nep-cbe New Economics Papers
on Cognitive and Behavioural Economics
Issue of 2008‒06‒07
six papers chosen by
Marco Novarese
University of the Piemonte Orientale

  1. Manipulating Reference States: the Effect of Attitudes on Utility By Astrid Matthey
  2. Truth and trust in communication - Experiments on the effect of a competitive context By Rode, Julian
  3. A non-standard approach to a market with boundedly rational consumers and strategic firms. Part I: A microfoundation for the evolution of sales By Christina Matzke, Benedikt Wirth
  4. Moral Sentiments and Material Interests behind Altruistic Third-Party Punishment By Stefania Ottone; Ferruccio Ponzano; Luca Zarri
  5. The Envious Punisher: Understanding Third and Second Party Punishment with Simple Games By Andreas Leibbrandt; Raúl López-Pérez
  6. Revealed Conflicting Preferences By Attila Ambrus; Kareen Rozen

  1. By: Astrid Matthey (Max-Planck-Institute of Economics)
    Abstract: In economic theory, utility depends on past, present and future outcomes. The experiment described in this paper suggests that utility also depends on people's attitudes, and that it can easily be manipulated through these attitudes. The results imply, ?rst, that purely outcome-based models of individual utility may be incomplete. Second, that reference-states are not determined completely endogenously but can be influenced from outside. And third, that experiments in economics may be sensitive to subtle details of the experimental design.
    Keywords: utility, reference state, attitudes, priming, experiment
    JEL: D01 D10 C91
    Date: 2008–05–30
  2. By: Rode, Julian (Sonderforschungsbereich 504)
    Abstract: The paper employs laboratory experimentation to study the effect of competition on truth telling and trust in communication. A sequence of either competitive or cooperative interactions preceded an experimental communication game. In the game, informed advisors sent a recommendation to decision-makers who faced uncertainty about the consequences of their choice. While many advisors told the truth against their monetary self-interest, the propensity to tell the truth was unaffected by the contextual priming. In contrast, decision-makers trusted significantly less in a competitive context. The effect was strongest when they faced full uncertainty. The paper relates this result to psychological and neuro-economic findings on automatic information processing. The data of this study were largely in line with Subjective Equilibrium Analysis (Kalai and Lehrer, 1995).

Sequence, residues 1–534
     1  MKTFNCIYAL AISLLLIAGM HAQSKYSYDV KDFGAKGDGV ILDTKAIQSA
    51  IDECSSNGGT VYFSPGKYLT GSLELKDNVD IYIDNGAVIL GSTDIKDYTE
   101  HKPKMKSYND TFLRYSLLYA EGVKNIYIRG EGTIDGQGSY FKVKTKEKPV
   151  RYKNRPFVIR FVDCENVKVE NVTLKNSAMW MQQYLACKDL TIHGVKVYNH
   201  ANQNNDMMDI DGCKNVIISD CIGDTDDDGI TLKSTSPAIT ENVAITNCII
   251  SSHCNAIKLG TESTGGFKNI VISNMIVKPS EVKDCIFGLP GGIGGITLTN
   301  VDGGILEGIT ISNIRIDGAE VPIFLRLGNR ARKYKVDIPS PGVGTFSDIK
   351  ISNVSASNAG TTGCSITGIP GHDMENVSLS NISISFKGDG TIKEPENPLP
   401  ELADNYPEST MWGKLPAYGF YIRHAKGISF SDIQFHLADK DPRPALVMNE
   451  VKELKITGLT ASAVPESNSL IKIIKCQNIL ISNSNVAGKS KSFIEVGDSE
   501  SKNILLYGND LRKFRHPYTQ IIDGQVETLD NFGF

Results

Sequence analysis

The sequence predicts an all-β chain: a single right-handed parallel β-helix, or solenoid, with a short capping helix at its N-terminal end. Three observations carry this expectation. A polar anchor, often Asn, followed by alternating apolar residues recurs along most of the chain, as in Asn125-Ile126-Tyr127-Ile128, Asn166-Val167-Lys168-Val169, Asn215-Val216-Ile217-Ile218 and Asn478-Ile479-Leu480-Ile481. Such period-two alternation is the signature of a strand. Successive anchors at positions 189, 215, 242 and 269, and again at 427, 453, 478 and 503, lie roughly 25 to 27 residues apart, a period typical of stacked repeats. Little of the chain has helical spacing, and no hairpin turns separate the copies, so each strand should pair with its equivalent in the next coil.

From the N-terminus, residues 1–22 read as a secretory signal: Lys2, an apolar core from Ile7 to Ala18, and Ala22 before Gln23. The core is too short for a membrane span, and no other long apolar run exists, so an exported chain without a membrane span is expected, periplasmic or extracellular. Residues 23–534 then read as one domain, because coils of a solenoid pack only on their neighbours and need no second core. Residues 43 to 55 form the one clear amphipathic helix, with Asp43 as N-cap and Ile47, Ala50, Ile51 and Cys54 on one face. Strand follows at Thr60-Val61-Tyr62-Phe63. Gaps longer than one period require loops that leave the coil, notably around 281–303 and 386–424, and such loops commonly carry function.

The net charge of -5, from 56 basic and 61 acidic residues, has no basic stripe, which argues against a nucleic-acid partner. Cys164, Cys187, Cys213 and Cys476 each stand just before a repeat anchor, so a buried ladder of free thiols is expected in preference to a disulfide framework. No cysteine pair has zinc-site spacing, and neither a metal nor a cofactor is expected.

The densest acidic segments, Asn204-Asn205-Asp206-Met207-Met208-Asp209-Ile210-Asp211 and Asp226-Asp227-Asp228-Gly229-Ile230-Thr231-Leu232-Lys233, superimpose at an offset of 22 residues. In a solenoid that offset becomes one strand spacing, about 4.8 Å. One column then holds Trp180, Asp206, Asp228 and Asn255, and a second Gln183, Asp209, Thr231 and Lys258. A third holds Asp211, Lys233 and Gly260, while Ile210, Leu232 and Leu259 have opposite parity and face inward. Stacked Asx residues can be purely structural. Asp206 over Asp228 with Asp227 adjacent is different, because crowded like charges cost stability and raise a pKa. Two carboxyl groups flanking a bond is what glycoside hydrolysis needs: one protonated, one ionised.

Date: 2008–04–10
  3. By: Christina Matzke, Benedikt Wirth
    Abstract: In our model, individual consumers follow simple behavioral decision rules based on imitation and habit as suggested in consumer research, social learning, and related fields. Demand can be viewed as the outcome of a population game whose revision protocol is determined by the consumers' behavioral rules. The consumer dynamics are then analyzed in order to explore the demand side and first implications for a strategic supply side.
    Keywords: bounded rationality, social learning, population game, mean dynamic
    JEL: C61 C62 C79
  4. By: Stefania Ottone (EconomEtica and University of Eastern Piedmont; EconomEtica and University of Eastern Piedmont); Ferruccio Ponzano (University of Eastern Piedmont; University of Eastern Piedmont); Luca Zarri (Università di Verona; Dipartimento di Scienze economiche (Università di Verona))